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API 580-1

1. The basis for a qualitative probability of failure analysis is: a. consequence b. probability c. POF d. engineering judgment 2. egardless of !hether a more qualitative or a quantitative analysis is used" the POF is determined by t!o main considerations: a. damage mechanisms and inspection effectiveness b. probability # consequence c. damage mechanisms and damage modes d. internal and e#ternal damage $. %ombinations of process conditions and &&&&&&&&&&&&&&&&&&&&& for each equipment item should be evaluated to identify active and credible damage mechanisms: a. pressures and temperatures b. probability # consequence c. materials of construction d. %OF '. (t is important to lin) the damage mechanism to the most li)ely resulting&&&&&&&&&& a. failure analysis b. failure mode c. consequence d. probability *. (n general" an +( program !ill be managed by plant inspectors or inspection engineers" !ho !ill normally manage ris) by managing the POF !ith inspection and maintenance planning. They !ill not normally have much ability to modify the &&&&&&&&&&&&&&&&&&&&: a. process flo! b. failure mode c. POF d. %OF ,. The consequence of loss of containment is generally evaluated as loss of fluid to the&&&&&&&&&&&&&&&&&&&&: a. process flo! b. ground c. e#ternal environment d. unit -. . quantitative method involves using a &&&&&&&&&&&&&depicting combinations of events to represent the effects of failure on people" property" the business and the environment : a. POF and %OF b. ris) analysis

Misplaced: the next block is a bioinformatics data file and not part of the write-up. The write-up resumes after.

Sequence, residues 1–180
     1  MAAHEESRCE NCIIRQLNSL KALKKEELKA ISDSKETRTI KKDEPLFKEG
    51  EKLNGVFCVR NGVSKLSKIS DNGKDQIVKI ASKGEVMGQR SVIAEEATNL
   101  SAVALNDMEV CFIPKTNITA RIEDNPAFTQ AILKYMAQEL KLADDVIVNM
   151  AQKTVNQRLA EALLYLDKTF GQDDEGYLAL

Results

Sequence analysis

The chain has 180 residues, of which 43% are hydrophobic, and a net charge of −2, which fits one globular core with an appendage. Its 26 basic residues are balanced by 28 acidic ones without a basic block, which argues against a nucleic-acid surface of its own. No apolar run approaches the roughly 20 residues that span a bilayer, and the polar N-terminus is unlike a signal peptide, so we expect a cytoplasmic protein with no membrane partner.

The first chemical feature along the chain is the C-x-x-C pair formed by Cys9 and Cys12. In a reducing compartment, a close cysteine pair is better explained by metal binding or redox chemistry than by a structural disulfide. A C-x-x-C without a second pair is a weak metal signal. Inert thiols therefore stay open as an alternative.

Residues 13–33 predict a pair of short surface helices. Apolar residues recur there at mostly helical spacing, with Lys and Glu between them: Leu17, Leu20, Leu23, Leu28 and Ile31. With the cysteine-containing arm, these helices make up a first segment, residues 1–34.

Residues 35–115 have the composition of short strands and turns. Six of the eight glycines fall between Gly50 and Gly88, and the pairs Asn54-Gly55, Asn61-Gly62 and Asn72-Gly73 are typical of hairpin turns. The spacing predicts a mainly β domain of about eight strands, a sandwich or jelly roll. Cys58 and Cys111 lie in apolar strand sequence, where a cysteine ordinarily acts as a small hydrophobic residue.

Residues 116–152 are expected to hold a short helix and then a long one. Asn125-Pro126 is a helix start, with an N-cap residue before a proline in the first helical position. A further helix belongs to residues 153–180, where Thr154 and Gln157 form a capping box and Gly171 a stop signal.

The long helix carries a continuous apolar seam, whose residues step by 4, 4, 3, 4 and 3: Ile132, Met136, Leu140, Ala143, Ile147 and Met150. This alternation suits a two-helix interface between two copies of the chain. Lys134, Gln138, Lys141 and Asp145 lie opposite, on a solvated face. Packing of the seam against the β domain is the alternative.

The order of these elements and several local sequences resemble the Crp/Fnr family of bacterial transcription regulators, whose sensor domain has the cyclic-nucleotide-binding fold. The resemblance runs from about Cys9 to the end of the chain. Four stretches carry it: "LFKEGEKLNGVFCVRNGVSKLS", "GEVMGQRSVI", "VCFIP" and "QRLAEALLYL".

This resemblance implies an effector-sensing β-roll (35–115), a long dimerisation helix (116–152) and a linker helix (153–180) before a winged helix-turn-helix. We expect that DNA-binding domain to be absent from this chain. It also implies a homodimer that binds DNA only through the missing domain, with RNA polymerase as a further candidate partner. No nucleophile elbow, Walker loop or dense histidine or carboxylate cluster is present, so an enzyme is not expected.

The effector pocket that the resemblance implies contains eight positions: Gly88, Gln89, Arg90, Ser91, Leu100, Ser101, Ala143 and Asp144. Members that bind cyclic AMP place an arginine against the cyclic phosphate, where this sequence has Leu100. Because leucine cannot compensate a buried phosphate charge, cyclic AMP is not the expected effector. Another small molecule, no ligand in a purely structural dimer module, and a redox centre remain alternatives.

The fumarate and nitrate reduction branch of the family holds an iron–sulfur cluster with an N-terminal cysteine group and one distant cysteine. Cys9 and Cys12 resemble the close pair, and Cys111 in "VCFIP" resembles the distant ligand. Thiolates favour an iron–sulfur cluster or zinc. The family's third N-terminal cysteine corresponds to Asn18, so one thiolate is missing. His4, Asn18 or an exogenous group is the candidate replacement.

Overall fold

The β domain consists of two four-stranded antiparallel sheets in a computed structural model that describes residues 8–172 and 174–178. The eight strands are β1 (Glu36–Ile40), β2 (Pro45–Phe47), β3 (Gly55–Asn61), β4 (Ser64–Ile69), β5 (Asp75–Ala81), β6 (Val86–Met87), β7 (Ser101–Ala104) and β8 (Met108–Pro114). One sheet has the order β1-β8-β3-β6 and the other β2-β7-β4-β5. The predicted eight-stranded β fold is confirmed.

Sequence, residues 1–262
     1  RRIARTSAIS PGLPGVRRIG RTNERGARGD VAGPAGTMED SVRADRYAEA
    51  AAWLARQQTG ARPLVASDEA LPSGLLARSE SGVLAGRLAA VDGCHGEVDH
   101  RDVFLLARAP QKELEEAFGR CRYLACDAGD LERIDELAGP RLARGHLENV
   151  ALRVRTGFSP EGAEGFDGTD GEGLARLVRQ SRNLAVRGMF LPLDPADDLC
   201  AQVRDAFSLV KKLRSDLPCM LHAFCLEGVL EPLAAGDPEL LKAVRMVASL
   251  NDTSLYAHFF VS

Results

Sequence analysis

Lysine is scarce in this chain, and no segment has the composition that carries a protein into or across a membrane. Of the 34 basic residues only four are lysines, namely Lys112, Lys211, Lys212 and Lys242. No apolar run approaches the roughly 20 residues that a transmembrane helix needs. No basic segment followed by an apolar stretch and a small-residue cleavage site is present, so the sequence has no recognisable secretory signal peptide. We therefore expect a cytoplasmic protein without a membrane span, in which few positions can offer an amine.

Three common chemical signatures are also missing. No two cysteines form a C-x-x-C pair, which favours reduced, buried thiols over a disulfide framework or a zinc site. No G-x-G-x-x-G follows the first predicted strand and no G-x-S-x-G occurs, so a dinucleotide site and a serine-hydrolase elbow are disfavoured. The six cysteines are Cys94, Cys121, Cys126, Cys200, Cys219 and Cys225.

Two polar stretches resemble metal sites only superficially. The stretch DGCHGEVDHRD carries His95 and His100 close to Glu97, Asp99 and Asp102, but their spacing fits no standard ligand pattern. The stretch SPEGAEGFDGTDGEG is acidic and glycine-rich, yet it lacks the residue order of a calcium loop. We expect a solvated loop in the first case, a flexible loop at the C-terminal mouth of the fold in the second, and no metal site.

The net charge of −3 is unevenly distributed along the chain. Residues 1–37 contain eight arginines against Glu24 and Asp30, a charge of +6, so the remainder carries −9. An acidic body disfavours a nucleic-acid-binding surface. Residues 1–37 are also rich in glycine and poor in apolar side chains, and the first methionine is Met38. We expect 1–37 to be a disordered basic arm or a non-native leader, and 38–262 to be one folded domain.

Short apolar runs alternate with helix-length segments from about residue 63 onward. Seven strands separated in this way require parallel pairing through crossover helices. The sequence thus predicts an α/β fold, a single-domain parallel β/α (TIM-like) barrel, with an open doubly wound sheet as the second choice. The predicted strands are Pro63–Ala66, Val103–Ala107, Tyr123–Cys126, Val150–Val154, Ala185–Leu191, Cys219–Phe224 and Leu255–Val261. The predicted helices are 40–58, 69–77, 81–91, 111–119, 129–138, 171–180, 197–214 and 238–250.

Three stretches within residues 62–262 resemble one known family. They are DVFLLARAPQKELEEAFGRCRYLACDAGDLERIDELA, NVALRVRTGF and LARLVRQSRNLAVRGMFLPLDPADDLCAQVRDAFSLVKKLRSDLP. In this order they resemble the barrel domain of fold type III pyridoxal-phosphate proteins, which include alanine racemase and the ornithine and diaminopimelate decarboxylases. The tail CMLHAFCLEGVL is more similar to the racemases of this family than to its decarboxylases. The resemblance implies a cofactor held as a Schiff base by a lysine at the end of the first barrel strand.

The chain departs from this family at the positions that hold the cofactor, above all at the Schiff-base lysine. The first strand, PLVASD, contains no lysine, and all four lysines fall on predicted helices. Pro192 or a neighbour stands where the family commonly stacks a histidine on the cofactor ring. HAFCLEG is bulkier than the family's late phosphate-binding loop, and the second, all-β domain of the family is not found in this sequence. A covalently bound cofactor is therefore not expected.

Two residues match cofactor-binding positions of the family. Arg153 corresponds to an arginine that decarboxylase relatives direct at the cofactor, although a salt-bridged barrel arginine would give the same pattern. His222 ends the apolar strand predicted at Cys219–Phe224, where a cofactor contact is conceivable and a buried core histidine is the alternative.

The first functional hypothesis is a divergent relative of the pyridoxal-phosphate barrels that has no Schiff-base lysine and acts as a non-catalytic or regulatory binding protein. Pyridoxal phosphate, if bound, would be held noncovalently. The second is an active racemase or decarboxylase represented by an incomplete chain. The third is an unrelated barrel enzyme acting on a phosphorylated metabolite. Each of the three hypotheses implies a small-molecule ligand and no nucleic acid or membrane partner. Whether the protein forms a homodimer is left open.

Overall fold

c. logic model d. /oore0s 1a! 2. esults of a quantitative analysis are usually &&&&&&&&&&&&&&&&&&: a. consequence b. numeric c. logic models d. +uccheim0s 1a! 13. (t is important to stress that the &&&&&&&&&&&& of the data should match the comple#ity of the +( method used : a. precision b. accuracy c. analysis d. validation 11. The data quality has a direct relation to the relative &&&&&&&&&&&&&&&&& of the analysis: a. precision b. detail c. correctness d. accuracy +(

12. (t is important to stress that the &&&&&&&&&&&& of the data should match the comple#ity of the +( method used : a. precision b. accuracy c. analysis d. validation 1$. &&&&&&&&&&in the hydrocarbon process industry are addressed in .P( ',1: a. Pressure 4essel b. Piping (nspection c. 5amage mechanisms d. elief 4alves 16. Failure modes identify ho! the damaged component !ill&&&&&&&&&&&&&&& a. lea) b. crac) c. react to contaminants d. fail 1'. The +( team should consult !ith a &&&&&&&&&&&&&& to define the equipment damage mechanisms: a. +( analyst b. reliability specialist c. corrosion specialist d. engineer